What do you do when you’re a young teen and you need some pocket money to buy Mountain Dew and hang out with your friends? If you’re Syed Balkhi, you start a little business buying and selling domain names. You then become a very popular kid by figuring out how to bypass your school’s firewall so that you and your friends can play games. One thing leads to another, and you ultimately find yourself at the helm of an eight-figure online business.
Of course, entrepreneurship rarely happens that way, but it did for Syed, CEO of Awesome Motive, an umbrella company for a suite of products that “help small businesses grow and compete with the big guys,” says Syed. Approximately eight million websites now use the company’s products for its software and training videos that help boost traffic, email subscribers, and revenue.
Syed’s first product was WPBeginner, a WordPress resource site designed for non-technical users who want to get started on the platform. “WordPress is the most dominant content management platform on the planet,” says Syed. “More than a third of the websites on the Internet use it.” Next, he either built or acquired several WordPress plugins to address other customer needs: OptinMonster is lead generation software; MonsterInsights is a Google analytics plugin; WPForms is a drag and drop form builder; and SeedProd is a “coming soon” and maintenance mode plugin.
I’m a big believer in learning from other people’s experiences and that’s what YEC has allowed me to do.
Awesome Motive’s visibility and success in the WordPress ecosystem attracted interest from entrepreneurs who wanted to partner with the company. “The problem in this space is that a lot of venture capitals or traditional investors simply don’t understand the WordPress market,” says Syed. “And these businesses are small enough that it's not exciting for private equity.” So last year, he launched WPBeginner Accelerator to invest between $100k to $500k in a small number of WordPress focused businesses. “We take our playbooks and share that with the companies we invest in,” says Syed.
Initially, says Syed, he looked at YCombinator’s process for guidance in developing selection criteria, and then announced the accelerator launch on the WPBeginner blog. “I wasn’t really sure if it would work,” he recalls. But he received 90 applications and ultimately invested in five companies. “I had them fly to our headquarters in Florida and then worked through the business, dissected it, and showed them what we were doing,” says Syed. Now, he does Zoom calls with the accelerator companies every other week to tackle challenges, check in on progress, make introductions, and help with strategic partnerships.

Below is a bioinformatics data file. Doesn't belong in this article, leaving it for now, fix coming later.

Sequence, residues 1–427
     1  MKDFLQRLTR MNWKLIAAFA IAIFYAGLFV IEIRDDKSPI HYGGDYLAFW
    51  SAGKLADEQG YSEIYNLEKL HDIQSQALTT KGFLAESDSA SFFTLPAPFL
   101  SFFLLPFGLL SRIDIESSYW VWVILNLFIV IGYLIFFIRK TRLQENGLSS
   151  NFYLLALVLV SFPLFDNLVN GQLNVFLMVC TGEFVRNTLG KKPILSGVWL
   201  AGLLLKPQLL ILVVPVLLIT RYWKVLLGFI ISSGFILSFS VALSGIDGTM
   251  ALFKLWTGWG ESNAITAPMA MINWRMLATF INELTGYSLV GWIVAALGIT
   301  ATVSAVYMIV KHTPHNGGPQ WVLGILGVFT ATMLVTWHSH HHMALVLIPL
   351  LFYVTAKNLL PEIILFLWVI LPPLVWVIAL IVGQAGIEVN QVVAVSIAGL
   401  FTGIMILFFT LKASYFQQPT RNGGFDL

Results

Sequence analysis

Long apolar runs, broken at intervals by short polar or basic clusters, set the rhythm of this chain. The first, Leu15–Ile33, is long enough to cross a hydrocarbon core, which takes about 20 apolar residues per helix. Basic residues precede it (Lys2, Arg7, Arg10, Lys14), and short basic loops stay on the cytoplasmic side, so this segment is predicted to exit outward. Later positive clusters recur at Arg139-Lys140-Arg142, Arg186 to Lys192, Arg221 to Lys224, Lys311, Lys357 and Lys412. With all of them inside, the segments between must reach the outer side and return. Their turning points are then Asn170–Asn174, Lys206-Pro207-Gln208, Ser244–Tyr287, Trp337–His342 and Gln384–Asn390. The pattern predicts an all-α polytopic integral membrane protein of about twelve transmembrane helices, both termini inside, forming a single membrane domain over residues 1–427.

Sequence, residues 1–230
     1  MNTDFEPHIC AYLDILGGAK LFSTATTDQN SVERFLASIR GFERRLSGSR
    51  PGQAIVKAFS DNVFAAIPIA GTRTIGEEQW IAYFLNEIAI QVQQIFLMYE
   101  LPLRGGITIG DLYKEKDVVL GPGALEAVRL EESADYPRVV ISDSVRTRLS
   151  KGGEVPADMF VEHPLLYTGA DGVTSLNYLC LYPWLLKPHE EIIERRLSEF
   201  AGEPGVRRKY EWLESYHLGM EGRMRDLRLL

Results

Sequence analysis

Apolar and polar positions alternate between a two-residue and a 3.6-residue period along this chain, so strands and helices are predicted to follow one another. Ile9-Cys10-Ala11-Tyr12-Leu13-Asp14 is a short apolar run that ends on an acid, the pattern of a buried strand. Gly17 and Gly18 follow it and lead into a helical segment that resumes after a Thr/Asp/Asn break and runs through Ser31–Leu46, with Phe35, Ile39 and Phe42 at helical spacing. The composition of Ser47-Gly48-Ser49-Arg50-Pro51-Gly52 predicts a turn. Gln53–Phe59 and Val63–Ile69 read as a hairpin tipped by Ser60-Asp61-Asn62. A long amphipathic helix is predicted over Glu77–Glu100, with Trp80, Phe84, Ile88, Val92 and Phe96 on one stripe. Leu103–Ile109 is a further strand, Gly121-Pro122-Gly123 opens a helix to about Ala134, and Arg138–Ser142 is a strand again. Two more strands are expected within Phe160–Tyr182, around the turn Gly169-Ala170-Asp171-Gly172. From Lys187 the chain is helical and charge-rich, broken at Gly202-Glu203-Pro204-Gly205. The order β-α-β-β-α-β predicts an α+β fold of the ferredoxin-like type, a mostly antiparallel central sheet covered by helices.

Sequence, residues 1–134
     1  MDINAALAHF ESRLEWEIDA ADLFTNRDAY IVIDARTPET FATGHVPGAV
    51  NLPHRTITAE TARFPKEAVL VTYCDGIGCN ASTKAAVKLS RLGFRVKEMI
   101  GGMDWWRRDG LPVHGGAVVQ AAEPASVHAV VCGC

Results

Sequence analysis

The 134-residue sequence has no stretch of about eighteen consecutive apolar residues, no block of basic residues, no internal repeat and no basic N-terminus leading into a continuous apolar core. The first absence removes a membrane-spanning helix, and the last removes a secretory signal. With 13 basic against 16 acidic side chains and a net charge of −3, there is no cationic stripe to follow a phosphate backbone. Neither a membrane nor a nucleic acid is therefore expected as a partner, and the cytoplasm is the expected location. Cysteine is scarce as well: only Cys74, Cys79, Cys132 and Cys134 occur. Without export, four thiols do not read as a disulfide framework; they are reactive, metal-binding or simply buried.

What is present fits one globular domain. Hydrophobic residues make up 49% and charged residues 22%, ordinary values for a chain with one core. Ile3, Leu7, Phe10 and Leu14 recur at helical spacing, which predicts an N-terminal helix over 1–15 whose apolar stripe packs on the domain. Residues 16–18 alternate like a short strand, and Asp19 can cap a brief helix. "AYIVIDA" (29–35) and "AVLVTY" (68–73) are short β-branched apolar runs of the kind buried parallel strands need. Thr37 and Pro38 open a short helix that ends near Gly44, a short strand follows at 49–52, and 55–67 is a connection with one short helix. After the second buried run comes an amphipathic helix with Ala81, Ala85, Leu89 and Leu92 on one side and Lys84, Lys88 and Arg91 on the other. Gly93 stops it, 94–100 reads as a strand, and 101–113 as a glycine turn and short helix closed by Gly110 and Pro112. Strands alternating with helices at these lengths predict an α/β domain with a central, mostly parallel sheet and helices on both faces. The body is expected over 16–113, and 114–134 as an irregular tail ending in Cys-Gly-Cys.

A member of YEC since 2014, Syed initially joined because a friend told him that the group was great for networking. “But when I joined, I found out that there’s a lot more to it,” he says. Syed contributes to Expert Panels through YEC’s publishing partners, and he thinks his participation has paid off not just in terms of PR, but also in business development.
“I write thought leadership content and then people find me because the media brand tweets it. When people see it, they dig deeper, find out what we do, and then come to us as customers.”
The YEC online forum has also been invaluable. When researching solutions providers, such as payroll companies or recurring subscription platforms, Syed often consults the forum to get insights that help him make informed choices. “I want to hear from people I trust, and who would you rather trust — some random review online or a peer in a selective group? I’m a big believer in learning from other people’s experiences and that’s what YEC has allowed me to do.”
YEC has also provided Syed with connections that help him do business more efficiently. For instance, a fellow YEC'er provided him with a contact at Getty Images for negotiating a contract. And when he needed help with Google analytics API integration, another member introduced Syed to a key contact at Google.
Syed gives back to YEC by being an active participant on the forum, answering questions, and frequently offering discounts to members. And because he understands first-hand the value of membership, he has almost all of his WPBeginner Accelerator portfolio companies in the group as well “so that they can network among themselves and make connections.”